11 Wadis in Oman To Give You That Perfect Desert Feel!
"Wadi" is the Arabic and Hebrew term for a valley, commonly used in North Africa and the Middle East. These wadis are mostly dry, though they fill with water during the monsoons. Oman has a large number of wadis in its desert terrain, many of which are popular trekking sites. Others have crystal-clear pools, making them fantastic locations for picnics. Despite their differing terrains, they all have beautiful views and offer unique experiences for the Oman tourist.
Here are some of the best wadis to discover in the Sultanate of Oman:
1. Wadi Bani Khalid
This is one of Oman's most popular wadis. The northern section of the wadi is a leisure and picnic area with palm trees, pools and cafes. The southern section is perfect for trekking and cave exploring. The swimming areas are fairly deep at almost 29 feet with little fish that nibble as you enter. The tall rock faces surrounding the pool are a popular spot for adventurous individuals hoping to dive in. This wadi has a picturesque setting and is a fairly commercial area with lifeguards and restaurants that offer buffet meals.
2. Wadi Shab
Also called Wadi Ash Shab, this wadi is known for its submerged caves and fascinating biodiversity. While exploring the wadi, you have an amazing view of the Arabian Gulf on one side and beautiful red mountains on the other. Some of the deeper areas of the wadis pools are only accessible by boat. In fact, these pools are so deep that this wadi has hosted the World Cliff Diving Championships in the past. While reaching the wadi, keep an eye out for the Bimmah Sink Hole which is a 40m drop into pristine pools of water.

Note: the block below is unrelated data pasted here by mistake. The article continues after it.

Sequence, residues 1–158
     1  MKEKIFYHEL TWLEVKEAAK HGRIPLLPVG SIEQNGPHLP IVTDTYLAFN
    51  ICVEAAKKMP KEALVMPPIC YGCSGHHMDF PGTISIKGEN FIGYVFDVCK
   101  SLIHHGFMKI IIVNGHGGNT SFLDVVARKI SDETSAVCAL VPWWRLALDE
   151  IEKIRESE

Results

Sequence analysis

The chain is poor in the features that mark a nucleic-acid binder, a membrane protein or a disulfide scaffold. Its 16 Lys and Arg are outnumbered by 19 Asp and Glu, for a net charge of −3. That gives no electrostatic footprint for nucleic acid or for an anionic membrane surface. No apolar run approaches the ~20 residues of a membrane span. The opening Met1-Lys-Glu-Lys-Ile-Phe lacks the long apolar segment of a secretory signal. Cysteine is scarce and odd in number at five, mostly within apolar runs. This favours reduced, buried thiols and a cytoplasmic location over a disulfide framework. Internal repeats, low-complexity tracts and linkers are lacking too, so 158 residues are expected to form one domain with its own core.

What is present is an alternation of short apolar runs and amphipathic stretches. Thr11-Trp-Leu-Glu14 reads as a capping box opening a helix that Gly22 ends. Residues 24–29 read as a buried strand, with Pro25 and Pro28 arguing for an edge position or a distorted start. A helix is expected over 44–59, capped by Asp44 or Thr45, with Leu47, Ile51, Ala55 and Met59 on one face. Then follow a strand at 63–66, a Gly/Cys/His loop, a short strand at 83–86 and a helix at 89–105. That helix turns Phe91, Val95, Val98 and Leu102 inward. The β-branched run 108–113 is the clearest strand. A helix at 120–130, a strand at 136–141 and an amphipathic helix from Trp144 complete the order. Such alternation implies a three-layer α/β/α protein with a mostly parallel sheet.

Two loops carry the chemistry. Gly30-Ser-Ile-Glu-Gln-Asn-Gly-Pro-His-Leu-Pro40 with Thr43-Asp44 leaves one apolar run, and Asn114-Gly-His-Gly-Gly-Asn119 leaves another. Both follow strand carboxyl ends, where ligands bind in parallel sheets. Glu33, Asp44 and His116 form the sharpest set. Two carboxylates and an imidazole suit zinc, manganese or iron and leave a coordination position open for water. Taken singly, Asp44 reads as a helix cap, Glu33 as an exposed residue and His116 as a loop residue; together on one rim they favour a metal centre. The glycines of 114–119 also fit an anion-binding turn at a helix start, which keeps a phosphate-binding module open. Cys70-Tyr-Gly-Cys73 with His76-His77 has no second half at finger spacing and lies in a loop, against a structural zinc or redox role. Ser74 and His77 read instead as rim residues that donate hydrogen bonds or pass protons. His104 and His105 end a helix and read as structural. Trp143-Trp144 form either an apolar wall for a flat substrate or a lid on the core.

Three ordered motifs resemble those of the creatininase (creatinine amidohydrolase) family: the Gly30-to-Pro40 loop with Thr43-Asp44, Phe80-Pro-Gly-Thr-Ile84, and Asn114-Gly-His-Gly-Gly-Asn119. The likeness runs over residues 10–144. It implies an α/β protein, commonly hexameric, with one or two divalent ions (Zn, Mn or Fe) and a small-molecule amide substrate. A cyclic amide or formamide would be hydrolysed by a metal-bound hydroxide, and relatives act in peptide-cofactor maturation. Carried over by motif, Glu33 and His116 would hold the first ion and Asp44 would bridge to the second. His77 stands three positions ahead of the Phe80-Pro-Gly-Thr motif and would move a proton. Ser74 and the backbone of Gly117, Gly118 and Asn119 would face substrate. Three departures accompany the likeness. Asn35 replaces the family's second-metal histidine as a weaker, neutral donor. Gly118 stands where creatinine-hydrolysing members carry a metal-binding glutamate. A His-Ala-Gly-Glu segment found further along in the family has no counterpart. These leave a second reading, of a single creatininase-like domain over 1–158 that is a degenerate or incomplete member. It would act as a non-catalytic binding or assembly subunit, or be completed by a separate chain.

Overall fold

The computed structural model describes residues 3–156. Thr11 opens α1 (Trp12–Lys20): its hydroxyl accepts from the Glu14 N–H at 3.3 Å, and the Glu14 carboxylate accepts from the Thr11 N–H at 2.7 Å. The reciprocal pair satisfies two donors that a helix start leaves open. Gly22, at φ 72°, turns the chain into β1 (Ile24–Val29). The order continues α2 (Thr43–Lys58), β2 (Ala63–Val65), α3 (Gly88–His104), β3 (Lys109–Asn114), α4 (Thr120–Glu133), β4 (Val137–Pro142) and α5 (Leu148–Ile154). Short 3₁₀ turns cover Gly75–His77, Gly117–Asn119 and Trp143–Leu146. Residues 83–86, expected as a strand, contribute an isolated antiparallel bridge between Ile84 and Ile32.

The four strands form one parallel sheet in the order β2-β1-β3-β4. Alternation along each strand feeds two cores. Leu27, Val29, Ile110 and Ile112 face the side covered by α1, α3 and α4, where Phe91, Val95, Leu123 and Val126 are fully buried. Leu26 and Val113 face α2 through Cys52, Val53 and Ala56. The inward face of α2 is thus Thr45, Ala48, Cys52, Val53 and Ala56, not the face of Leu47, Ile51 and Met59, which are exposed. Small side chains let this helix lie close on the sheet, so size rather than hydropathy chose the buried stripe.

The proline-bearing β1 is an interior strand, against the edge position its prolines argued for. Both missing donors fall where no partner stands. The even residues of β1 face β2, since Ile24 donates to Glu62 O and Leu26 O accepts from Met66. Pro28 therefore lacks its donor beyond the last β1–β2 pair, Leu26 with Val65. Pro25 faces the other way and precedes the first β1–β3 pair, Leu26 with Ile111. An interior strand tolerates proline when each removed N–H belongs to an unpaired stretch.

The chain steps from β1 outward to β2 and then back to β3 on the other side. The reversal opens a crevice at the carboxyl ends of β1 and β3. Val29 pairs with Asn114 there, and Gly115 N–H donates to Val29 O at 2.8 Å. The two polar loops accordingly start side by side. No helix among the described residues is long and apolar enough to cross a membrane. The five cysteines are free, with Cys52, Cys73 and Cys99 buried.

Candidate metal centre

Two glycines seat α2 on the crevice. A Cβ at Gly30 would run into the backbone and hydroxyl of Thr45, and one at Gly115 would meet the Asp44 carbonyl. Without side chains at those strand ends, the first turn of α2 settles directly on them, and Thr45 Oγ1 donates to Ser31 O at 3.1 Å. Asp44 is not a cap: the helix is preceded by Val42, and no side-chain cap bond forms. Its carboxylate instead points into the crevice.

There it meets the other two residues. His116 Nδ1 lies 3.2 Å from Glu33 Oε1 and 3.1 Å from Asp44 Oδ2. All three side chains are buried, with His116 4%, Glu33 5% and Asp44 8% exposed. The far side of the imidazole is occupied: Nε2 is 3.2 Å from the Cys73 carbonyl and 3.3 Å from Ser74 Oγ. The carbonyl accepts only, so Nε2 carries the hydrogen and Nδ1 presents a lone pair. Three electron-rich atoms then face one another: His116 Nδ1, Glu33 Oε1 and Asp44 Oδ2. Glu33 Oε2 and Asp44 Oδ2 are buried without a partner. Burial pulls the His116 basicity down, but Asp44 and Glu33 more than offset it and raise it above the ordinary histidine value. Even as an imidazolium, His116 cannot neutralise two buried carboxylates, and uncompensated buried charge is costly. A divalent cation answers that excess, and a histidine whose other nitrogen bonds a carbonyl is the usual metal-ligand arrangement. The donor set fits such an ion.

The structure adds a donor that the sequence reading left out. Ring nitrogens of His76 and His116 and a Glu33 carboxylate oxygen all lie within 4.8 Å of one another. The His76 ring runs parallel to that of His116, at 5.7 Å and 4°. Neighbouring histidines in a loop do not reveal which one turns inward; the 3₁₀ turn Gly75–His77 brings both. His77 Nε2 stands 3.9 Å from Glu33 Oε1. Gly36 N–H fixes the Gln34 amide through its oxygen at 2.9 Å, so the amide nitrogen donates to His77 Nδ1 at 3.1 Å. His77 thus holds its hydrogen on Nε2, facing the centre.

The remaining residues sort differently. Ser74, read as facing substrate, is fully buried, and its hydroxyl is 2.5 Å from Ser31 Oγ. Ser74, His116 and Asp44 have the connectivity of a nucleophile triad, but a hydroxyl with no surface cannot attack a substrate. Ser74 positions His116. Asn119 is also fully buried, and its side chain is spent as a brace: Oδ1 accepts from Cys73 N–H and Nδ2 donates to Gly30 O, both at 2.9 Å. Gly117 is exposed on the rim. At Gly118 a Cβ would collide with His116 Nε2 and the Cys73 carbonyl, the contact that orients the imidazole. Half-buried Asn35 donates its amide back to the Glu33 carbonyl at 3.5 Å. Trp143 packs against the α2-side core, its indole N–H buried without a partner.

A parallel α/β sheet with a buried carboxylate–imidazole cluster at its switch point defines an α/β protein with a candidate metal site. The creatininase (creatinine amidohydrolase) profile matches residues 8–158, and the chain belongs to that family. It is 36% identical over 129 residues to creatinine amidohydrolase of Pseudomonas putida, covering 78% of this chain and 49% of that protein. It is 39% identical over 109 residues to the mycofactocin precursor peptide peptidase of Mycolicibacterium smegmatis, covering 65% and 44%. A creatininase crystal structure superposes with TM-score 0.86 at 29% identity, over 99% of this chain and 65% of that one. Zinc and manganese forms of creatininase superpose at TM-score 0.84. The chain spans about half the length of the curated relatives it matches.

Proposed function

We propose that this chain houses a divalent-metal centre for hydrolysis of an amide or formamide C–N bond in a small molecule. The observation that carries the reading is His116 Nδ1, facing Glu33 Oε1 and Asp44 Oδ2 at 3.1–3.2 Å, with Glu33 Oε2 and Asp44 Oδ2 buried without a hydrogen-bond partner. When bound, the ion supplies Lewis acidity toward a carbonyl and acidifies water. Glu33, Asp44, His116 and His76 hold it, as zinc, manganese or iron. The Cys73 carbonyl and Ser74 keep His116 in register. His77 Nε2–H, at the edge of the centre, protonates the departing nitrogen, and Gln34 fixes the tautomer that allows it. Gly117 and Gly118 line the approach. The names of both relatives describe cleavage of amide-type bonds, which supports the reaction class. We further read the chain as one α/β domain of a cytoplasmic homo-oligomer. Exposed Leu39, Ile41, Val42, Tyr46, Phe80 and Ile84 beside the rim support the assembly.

3. Wadi Al Abriyeen
Located in the Al Sharqiyah region, this wadi remains relatively untouched. There are few signs leading to it, so it's important to keep an eye out for off-road sign boards. The wadi is home to villages on each side of its banks, the residents of which are welcoming of tourists. They encourage visitors because of the local tribeswomen's textile industry from which you can buy skilfully stitched Omani garments. The wadi is blessed with flora such as mango trees, banana trees, and lemon trees that make a lovely sight.
4. Wadi Darbat
This wadi is one of the most visited wadis in the Dhofar region of southern Oman. It has generally windy weather which is a great change from Oman's generally hot climate. In the monsoon months, the wadi turns green with beautiful highlands and plains growing a variety of crops. In the months from July to September, the cliffs house waterfalls that are up to 30m high. Wadi Darbat is an amazing place to take in a glimpse of nature at its best.
5. Wadi Al Rawdah
The historical Wadi Al Rawdah is located in the Musdanam Governorate in northern Oman, specifically near its capital of Khasab. It's a site for fossils, primitive drawings and ruins from Oman's past. Aside from this, it is home to a number of wild flowers and herbs that blossom during the monsoon months. There's also Al Rawdah Fort that you can visit close by with stone steps leading up to an amazing view of the village and its surrounding greenery. There's a curator who conducts tours of the fort as well.
6. Wadi Al Hawqayn
This is another wadi that houses a fort nearby. The recently renovated Rustaq Fort includes an audio tour and lovely hot springs to rest your feet. The wadi itself gets very crowded on weekends, especially as people visit from around the country to see the wadi's year-round waterfall. The waters are an amazing azure color. It's a lovely place to have a picnic and spend an afternoon with friends.
7. Wadi Dhum